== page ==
I also encourage everyone to save some seed year to year. This is your ultimate insurance - and it is free. There are books on the proper methods for hundreds of vegetable and flower varieties. Now is the time to gain that knowledge so when you have a cracked tomatoe or one with a worm on it, not fit to eat, you can turn it into next years plant. I like to concentrate on tomatoes because they are my favorite. In order to do this you have to give up hybrids and go with the old-fashioned, self-pollinating varieties which are called heirlooms. The blooms of these plants contain both sex parts meaning an insect does not have to touch it for it to produce a tomato. Heirlooms are easy to get, but not at Wal-Mart. Try the farmers markets in the spring. We will have several varieties, some we know will do well, and a bunch of new ones we will be trialing and offering to the public. The proper time to plant tomatoes is beginning a week after Easter - mid-April thru the end of June. We plant them every few weeks. Do Not get in a hurry to plant your sensitive plants, but also don't waste time. Even is it doesn't frost after Easter it can still get to cold at night as to be favorable for a tomatoe.

I gotta go. kef

Tuesday, January 13, 2009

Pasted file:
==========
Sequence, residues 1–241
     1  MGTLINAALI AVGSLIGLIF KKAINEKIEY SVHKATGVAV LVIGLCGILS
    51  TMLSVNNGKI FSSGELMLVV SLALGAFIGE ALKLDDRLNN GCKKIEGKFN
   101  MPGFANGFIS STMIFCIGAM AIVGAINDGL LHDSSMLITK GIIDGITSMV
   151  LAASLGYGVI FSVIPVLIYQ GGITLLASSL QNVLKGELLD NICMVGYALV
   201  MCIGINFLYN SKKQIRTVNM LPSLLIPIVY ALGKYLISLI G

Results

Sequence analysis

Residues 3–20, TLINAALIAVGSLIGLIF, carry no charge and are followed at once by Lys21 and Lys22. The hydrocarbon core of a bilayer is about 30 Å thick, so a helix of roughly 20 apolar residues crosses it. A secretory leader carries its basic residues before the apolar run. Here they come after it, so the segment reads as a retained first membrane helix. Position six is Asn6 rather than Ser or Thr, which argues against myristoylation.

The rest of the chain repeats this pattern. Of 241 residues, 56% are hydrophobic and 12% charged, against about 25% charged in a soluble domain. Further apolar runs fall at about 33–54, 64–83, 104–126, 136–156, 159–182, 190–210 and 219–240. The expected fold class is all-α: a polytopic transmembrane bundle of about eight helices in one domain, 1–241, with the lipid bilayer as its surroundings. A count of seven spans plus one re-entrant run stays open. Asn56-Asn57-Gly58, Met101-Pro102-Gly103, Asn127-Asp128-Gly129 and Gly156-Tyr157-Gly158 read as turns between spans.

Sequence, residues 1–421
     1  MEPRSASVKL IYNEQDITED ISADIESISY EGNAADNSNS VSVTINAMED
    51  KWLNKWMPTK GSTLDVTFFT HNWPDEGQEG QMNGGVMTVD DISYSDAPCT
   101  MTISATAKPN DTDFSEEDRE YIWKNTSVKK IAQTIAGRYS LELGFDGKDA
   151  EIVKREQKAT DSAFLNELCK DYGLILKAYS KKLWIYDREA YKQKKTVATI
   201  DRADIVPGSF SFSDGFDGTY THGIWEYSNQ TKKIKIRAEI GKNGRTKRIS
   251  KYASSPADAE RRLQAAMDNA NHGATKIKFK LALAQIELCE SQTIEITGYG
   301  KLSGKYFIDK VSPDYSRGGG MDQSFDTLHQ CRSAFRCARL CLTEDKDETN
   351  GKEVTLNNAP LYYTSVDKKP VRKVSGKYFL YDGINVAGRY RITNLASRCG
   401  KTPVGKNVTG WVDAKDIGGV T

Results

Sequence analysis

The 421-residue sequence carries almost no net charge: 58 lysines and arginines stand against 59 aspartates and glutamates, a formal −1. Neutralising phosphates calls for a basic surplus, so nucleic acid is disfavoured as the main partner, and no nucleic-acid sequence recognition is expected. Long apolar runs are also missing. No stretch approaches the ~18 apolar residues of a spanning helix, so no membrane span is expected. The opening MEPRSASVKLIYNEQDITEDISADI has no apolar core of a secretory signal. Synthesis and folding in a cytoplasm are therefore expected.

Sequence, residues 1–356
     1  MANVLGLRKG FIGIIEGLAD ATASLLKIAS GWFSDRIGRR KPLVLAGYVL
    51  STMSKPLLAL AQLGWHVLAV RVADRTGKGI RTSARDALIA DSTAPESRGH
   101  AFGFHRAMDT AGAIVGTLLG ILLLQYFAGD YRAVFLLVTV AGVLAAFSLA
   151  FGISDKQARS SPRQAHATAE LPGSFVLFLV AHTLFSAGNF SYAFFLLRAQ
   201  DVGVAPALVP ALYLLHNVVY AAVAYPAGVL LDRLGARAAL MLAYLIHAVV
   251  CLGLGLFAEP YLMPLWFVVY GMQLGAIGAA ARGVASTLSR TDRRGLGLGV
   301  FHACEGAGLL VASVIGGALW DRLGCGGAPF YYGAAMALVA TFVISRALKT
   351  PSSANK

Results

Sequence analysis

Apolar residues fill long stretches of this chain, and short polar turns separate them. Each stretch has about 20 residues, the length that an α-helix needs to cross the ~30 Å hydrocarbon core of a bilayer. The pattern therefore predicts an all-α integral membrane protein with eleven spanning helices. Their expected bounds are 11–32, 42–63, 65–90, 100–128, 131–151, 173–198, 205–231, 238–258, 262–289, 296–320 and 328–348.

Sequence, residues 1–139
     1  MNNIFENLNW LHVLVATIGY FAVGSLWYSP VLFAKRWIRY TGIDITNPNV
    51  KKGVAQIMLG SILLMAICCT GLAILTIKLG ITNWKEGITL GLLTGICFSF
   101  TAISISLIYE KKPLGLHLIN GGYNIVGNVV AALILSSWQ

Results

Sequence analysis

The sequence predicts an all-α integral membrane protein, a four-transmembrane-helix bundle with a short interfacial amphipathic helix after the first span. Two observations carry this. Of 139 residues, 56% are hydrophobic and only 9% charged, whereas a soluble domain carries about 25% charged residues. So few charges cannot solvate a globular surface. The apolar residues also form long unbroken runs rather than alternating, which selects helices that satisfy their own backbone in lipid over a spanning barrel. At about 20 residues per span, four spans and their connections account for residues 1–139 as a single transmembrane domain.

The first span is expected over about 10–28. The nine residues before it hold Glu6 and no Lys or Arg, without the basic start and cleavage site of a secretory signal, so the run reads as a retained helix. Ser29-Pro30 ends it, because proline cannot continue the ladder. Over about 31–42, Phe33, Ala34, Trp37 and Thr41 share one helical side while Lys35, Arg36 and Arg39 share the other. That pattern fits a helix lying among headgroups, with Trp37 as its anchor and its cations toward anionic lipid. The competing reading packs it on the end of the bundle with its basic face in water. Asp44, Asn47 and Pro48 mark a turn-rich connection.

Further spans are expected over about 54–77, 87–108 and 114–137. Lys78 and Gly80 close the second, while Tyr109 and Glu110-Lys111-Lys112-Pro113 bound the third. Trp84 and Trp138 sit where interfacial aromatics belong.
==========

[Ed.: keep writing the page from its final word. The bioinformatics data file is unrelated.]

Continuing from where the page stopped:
Mushrooms, oh how do I love thee!

In case you missed the slightly obnoxious picture of me attacking a plate of shiitake mushrooms with my mouth, scroll up! These guys popped out of nowhere just the other day! We thought we had cut all the fungi off the logs, but within a matter of days we had another fresh harvest. This time last year we inoculated the freshly cut oak logs in the cold, windy, snow- spitting weather. We've been patient,... waiting, looking, hoping for just a couple of guys to pop out, but to date we've had three small, yet very nice harvests. Just wanted to share the fun we're having. Hopefully we'll continue to see growth into the spring!

That's all I've got tonight, more to come friends :)

Wednesday, January 7, 2009

2009 CSA Application ready to go!

Hi Friends,

I am happy to announce Whitton Farms 2009 CSA application is up and ready for take off. We are conducting our CSA a bit differently this year. Instead of only having the option to sign up for a 10 week share, you now have the choice to sign up for 4 consecutive weeks of produce( the minimum order) all the way to 32 consecutive weeks of produce. You pick the start date /weeks (only consecutive weeks please) you want and pick up location, and we'll take care of the rest.

Keith and I decided to host our CSA in this is manner in an effort to encourage more people to begin eating locally grown veggies. We found that a 10 week minimum subscription was a bit overwhelming for some folks, so they opted out. Keith and I know many of you were completely satisfied with the 10 week subscription service, and that option is still there for you as well. Like I previously stated, you pick the weeks, we fill the order.